Saturday, May 01, 2010

David Binney - Aliso (Criss Cross, 2010)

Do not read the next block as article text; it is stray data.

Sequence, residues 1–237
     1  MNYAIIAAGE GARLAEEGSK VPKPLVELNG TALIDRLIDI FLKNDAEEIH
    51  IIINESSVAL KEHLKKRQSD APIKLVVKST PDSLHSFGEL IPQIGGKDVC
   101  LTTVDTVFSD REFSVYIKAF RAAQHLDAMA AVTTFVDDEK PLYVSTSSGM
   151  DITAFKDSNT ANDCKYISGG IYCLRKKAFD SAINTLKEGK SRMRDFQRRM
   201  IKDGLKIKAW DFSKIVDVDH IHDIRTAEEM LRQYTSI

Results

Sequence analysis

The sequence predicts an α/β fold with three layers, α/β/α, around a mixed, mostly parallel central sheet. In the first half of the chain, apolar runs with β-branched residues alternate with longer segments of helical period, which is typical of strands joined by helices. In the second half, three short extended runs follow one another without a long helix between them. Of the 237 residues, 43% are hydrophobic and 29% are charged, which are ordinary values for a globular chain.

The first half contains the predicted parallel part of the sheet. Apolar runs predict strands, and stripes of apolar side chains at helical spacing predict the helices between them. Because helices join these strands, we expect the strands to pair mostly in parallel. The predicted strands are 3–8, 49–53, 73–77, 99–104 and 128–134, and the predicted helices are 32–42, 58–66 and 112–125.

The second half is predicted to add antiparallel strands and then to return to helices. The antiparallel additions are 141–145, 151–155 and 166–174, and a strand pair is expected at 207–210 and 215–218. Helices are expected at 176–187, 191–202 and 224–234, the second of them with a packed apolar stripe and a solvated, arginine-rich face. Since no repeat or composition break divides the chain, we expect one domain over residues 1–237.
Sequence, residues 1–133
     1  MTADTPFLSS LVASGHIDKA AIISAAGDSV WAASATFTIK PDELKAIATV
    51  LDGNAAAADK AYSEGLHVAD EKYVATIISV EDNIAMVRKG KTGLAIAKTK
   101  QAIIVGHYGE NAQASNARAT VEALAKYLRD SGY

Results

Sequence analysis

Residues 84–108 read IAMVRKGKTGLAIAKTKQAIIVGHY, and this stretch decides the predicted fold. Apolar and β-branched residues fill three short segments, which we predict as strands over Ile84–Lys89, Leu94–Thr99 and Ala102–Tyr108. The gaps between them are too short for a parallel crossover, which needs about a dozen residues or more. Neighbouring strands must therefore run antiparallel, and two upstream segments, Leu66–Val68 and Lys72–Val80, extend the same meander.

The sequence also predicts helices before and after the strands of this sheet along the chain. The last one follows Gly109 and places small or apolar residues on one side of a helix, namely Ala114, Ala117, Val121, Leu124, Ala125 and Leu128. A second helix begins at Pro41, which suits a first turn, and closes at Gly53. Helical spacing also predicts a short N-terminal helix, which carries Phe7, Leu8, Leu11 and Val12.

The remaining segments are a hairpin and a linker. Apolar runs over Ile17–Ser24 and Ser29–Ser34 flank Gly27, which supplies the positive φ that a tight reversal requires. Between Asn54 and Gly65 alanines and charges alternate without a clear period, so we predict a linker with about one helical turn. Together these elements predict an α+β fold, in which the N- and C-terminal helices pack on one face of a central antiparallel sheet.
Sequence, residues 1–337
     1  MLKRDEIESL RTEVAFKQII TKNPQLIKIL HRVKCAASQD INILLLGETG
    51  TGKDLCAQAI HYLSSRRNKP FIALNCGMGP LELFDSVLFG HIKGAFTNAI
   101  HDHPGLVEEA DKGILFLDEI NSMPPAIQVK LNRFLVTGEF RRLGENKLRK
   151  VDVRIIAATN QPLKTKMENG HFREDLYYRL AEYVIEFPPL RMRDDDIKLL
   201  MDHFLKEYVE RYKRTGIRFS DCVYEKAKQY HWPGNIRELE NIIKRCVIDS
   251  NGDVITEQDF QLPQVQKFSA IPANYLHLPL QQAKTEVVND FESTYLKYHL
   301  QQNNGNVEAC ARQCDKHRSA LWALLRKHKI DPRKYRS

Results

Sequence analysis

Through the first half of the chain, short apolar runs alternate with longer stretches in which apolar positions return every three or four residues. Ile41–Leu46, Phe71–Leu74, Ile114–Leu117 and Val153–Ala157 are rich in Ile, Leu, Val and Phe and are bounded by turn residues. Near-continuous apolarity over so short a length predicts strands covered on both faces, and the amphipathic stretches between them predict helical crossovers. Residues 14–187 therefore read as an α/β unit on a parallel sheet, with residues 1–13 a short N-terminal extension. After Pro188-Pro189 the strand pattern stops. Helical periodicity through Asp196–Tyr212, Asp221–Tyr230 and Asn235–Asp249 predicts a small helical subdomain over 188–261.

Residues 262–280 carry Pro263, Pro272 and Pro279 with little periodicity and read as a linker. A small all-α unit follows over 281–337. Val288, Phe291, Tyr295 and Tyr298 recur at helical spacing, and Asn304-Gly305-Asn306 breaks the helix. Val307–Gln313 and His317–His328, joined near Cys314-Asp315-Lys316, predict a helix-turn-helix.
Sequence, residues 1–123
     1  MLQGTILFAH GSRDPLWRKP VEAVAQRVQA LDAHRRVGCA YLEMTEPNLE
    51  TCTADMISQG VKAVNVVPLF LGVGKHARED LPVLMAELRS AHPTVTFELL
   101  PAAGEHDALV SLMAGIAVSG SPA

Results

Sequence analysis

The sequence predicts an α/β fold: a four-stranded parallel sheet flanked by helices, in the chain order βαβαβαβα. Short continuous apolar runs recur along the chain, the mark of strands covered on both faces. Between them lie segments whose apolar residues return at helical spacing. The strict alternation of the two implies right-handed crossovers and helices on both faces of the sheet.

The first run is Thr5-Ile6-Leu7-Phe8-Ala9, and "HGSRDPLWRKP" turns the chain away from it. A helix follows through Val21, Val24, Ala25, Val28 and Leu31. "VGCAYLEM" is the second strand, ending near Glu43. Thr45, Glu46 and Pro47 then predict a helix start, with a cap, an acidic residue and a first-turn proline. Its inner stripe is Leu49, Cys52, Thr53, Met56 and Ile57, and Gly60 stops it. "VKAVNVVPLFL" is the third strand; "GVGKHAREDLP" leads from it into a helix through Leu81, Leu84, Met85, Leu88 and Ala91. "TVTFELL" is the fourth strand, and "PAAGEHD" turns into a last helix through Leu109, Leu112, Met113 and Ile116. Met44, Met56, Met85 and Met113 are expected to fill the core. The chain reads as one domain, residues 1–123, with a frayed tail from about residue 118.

Alto saxophonist David Binney is a vibrant force on the modern mainstream jazz scene releasing many albums as a sideman and a leader, running his own label and recording regularly for the Dutch label Criss Cross. He is joined on this album by Jacob Sacks or John Escreet on piano, Eivind Opsvik on bass, Wayne Krantz on guitar and Dan Weiss on drums. The music is a nice mix of originals and modern jazz covers. The album begins with a couple of original compositions, "Aliso," taken at a medium-fast tempo and featuring a snaking electric guitar solo and a saxophone feature that builds to fast flurries of notes. "A Day in Music" has a choppy opening, with strong saxophone swirling over rapid drums. Sparks of guitar illuminate the music over a strong backbeat. Among the covers a couple of Wayne Shorter compositions are featured, "Toy Tune" and particularly "Teru" which is a very nice ballad, where Binney takes his time and develops a slow and smoky solo. They keep the performance brief, emotional and pointed. Also featured are compositions by Sam Rivers and John Coltrane. "Fuscia Swing Song," the Rivers composition, is a potent and sharp performance, beginning with the urgent melody and developing washes of blazing free-bop saxophone. "Think of One" by Thelonious Monk is typically quirky and exploratory, with great bass and drum interplay, but the highlight may well be the lengthy exploration of the John Coltrane song "Africa." This is one of the lesser performed pieces of the Coltrane canon, and the band sets a dark and mysterious mood before breaking out into potent solos. Strong percussive piano and deep stark saxophone build to a fast and strong full band improvisation. It was really nice to hear contemporary jazz musicians explore some of the music from Africa/Brass, a Coltrane album that often falls under the radar. Aliso - amazon.com

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